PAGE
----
Naming and Narrating in Women’s Fiction, 1750-1880
Chapter One. Folklore as a Critical Tool 1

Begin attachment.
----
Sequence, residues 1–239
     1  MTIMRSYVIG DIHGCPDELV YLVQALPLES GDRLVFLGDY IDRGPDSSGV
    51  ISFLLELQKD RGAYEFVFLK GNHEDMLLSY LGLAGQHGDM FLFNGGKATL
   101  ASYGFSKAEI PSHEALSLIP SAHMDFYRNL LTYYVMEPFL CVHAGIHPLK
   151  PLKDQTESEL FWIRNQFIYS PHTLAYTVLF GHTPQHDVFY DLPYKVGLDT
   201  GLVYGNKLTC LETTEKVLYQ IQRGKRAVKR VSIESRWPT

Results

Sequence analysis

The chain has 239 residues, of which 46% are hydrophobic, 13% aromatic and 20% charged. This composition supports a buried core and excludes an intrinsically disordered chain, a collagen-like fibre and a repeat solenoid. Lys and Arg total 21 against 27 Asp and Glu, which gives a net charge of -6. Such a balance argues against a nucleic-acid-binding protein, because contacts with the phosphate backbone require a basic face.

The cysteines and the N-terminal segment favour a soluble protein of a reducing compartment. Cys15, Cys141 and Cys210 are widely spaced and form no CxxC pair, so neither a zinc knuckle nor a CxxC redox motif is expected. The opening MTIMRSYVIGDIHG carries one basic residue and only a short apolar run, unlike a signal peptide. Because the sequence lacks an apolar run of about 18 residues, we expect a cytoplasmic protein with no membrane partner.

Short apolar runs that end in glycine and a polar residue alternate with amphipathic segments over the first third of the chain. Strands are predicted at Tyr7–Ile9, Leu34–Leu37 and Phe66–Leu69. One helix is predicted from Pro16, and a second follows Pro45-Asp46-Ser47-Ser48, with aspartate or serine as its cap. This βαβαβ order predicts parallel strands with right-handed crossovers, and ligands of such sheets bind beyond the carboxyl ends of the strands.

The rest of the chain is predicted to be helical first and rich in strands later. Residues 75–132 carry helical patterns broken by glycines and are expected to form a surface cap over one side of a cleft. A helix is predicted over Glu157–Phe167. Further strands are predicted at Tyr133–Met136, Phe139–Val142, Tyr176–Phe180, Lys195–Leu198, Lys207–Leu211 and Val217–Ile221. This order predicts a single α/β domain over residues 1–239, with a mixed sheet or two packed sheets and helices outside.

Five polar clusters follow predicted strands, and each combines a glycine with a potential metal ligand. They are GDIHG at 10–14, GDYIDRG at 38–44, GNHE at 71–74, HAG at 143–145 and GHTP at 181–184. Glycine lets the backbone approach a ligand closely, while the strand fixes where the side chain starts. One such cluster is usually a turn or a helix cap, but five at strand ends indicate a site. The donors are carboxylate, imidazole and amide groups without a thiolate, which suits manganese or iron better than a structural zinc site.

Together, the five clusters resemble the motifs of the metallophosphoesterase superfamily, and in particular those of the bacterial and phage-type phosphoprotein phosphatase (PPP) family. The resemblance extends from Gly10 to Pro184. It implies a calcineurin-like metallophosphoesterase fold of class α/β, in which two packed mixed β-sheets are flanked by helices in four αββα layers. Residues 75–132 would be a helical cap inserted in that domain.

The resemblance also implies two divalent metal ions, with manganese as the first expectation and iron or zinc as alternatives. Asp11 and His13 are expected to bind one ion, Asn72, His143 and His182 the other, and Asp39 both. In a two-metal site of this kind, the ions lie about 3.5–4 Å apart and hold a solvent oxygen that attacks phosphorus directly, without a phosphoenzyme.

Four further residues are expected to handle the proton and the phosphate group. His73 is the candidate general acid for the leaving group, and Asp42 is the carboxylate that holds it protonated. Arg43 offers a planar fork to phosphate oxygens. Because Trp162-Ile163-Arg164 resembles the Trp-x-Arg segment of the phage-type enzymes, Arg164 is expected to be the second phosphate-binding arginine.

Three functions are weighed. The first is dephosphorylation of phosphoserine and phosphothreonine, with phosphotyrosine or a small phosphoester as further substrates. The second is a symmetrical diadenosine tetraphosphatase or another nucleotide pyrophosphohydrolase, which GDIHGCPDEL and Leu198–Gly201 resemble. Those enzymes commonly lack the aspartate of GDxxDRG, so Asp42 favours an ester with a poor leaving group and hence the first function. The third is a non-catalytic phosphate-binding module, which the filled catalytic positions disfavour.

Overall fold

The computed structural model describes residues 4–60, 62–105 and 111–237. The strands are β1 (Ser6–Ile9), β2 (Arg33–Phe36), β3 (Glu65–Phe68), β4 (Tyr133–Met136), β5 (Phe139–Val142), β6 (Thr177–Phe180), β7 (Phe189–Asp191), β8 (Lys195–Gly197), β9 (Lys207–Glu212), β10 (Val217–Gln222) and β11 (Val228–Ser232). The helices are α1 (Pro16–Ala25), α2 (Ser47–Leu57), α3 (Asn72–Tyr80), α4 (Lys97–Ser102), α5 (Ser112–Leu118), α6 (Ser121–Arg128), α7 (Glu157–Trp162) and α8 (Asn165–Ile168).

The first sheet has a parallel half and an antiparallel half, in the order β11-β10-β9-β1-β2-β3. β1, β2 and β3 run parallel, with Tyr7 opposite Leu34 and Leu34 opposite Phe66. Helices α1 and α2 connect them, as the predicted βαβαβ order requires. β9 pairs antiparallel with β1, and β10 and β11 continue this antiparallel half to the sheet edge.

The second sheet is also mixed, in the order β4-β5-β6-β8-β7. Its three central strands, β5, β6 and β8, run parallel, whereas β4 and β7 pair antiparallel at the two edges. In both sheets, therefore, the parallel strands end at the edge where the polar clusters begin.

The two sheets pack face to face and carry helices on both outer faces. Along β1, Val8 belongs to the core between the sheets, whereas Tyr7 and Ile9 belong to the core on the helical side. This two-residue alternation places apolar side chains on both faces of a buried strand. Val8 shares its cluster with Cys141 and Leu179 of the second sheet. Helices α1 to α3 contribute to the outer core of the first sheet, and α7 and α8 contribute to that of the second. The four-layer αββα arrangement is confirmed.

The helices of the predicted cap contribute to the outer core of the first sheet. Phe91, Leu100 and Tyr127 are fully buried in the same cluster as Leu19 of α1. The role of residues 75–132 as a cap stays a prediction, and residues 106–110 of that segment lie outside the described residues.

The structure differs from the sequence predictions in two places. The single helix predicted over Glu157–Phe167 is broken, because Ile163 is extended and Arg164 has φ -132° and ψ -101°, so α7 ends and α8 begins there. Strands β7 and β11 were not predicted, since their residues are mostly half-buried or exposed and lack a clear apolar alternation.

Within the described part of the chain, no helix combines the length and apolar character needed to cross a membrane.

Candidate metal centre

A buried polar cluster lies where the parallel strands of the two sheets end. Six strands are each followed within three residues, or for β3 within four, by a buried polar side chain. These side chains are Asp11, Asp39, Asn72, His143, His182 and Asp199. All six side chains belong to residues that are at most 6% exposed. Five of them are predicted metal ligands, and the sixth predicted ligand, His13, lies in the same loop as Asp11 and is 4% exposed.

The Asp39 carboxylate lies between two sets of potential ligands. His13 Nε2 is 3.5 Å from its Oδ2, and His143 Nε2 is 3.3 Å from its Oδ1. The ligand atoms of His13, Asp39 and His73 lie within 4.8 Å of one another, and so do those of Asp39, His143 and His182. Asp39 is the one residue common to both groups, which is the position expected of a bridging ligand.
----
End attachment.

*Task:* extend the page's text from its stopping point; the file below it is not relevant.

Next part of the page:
C H A P T E R O N E Folklore as a Critical Tool EARLY in Elizabeth Gaskell’s Ruth (1853), a curious scene occurs. The hunchback Mr. Benson appears like some magical gnome and, throughout the rest of the novel, acts as a fairy godfather to the heroine. When Ruth and Benson discuss the beauties of the Welsh countryside, the kind parson ex- plains that the locals believe the fox-glove to be a favorite flower of fairies: “Its Welsh name is Maneg Ellyllyn—the good people’s glove; and hence, I imagine, our folk’s-glove or fox-glove.” “It’s a very pretty fancy,” said Ruth, much interested, and wishing that he would go on, without expecting her to reply.”1 His observation associating the plant, a cardiac stimulant and poison, with fairies rings true for Celtic folklore in the nineteenth century. As late as 1895, healers advised Irish parents to put juice from the fox-glove in the ears and mouth of a child suspected to be a changeling.2 When Ruth’s seducer, Mr. Bellingham, hears of the forest encounter, he seeks out the stranger. Curiously enough, his reaction to Mr. Benson refers to fairies as well: “Ruth,” said he, when he returned, “I’ve seen your little hunchback. He looks like Riquet-with-the-Tuft. He’s not a gentleman, though. If it had not been for his de- formity, I should not have made him out from your description; you called him a gentleman.” (70) This allusion to the malformed prince of Charles Perrault’s eponymous fairy tale...
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